Early socialization takes a small amount of time to do each day and provides a lifetime of benefit to puppies to prepare them for their futures as guide or service dogs. One of the first steps to beginning an early socialization program is to first train the kennel staff that oversees the daily care of the puppies to ensure consistency with the provided protocols and procedures.  A helpful way to engage staff is to explain how early socialization helps the puppies to prepare for their futures as guide or service dogs. The puppies that are sleeping in the whelping bed in front of them will someday change someone’s life and bring them independence and mobility. That’s why it is important to give them their best foundation to begin their journey through early socialization. 

It’s also important to train staff in canine body language. Any abnormal behavior in the kennel is as important to note as abnormal behavior during early socialization sessions. Consider how you can record changes – depending on your kennel setup, this could range from recording notes in notebooks to implementing an end of shift update to notify managers of abnormal behaviors to be addressed. Below are a few examples of behaviors to note and address: 

  • Demand barking
  • Fear reactions in the kennel, yard, bathing, etc.
  • Aggression or inappropriate play with littermates
  • Inappropriate mouthing 
  • Resource guarding

Once staff members are fully trained, they can help with early socialization. 

How to Use this Resource

Navigate through each week as your litter grows. You will see the following symbols:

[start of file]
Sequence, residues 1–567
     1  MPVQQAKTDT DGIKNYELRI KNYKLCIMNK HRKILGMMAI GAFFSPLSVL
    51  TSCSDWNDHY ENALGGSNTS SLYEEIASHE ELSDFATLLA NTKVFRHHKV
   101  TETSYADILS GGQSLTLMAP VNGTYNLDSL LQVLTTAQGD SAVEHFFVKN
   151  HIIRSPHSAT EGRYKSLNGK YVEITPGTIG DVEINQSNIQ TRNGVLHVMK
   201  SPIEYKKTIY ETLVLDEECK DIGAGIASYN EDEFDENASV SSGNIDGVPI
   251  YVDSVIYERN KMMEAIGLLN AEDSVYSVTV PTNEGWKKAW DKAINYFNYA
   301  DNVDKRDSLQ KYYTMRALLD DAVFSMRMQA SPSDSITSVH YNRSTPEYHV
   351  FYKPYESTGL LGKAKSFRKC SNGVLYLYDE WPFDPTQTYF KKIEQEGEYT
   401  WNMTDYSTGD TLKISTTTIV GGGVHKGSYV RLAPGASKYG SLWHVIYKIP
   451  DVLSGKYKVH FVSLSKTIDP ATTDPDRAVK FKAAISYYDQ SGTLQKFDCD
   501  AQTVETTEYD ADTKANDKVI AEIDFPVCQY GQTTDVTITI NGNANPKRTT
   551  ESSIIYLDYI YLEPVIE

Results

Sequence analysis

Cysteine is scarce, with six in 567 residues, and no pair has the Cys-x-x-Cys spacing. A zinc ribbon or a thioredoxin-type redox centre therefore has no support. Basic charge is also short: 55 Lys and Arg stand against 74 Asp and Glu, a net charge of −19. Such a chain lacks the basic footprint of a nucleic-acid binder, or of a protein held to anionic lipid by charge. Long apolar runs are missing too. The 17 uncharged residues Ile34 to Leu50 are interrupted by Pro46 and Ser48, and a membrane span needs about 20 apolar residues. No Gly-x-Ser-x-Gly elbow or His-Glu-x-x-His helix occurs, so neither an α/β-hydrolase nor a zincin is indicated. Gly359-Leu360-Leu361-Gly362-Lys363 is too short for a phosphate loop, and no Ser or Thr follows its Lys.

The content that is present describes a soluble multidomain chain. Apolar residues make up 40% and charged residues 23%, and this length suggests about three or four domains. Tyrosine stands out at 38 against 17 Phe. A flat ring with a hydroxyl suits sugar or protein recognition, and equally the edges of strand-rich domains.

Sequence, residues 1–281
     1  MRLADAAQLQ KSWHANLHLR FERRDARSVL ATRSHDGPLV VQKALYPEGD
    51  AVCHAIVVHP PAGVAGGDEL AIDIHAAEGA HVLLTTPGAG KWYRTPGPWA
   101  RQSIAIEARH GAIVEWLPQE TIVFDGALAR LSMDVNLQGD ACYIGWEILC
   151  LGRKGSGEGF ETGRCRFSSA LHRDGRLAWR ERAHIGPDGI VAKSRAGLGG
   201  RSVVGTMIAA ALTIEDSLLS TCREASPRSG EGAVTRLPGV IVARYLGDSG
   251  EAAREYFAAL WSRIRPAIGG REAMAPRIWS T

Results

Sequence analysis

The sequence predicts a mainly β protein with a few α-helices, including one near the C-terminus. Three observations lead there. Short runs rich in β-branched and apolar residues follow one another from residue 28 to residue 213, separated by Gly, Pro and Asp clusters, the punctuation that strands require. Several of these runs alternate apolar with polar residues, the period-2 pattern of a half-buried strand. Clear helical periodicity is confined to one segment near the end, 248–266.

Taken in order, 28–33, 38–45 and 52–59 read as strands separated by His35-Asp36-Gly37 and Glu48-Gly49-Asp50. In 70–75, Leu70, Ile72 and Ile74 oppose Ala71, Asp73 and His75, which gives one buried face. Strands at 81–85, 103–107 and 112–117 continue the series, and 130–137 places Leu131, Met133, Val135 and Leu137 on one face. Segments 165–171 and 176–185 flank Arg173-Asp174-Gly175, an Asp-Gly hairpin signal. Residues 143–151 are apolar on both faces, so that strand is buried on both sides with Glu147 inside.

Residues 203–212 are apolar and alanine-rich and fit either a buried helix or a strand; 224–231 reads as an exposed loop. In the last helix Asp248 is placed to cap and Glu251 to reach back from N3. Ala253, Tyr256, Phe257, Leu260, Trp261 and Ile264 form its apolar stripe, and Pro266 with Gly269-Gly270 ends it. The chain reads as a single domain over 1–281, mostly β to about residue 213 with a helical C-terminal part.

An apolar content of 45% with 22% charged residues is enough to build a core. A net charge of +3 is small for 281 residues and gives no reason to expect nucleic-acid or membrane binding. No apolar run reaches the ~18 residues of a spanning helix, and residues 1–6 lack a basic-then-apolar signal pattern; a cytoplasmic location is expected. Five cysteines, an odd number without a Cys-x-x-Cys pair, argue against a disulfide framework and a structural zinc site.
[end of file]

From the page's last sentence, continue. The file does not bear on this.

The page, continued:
Each week, keep your primary goal in mind. Each interaction should be with this goal in mind.

As puppies grow, different environments can be utilized to provide safe socialization opportunities.

If your organization uses volunteers, we have some tips for safe and rewarding interactions – check out our volunteer training resources.

Biosecurity is of utmost importance for young puppies – some activities require more precautions than others.

Each week is divided into two major categories, which each contain activities that expose puppies to varying amounts, intensities and types of sound, surface, motion and novel objects dependent upon the puppy’s age and behavioral response.

  • Passive Environmental Enrichment include modifications to the puppy’s environment in order to expose the puppy to stimuli passively.
  • Interactive Activities offer guidelines for the appropriate handling and response to aid puppy socialization whilst also developing important working dog skills.

Credits and Thanks

Many thanks to Guide Dogs for the Blind, Southeastern Guide Dogs, and Guide Dogs Queensland and the IWDR team for their contributions to this project – with particular thanks to Jane Russenberger, Liz Rote, Dani Prebensen and Dr Zita Penrose for their dedication, passion and collaboration over many years.

The content of this project falls under the Creative Commons license – CC BY-NC-ND.  Click Here for more information about this license.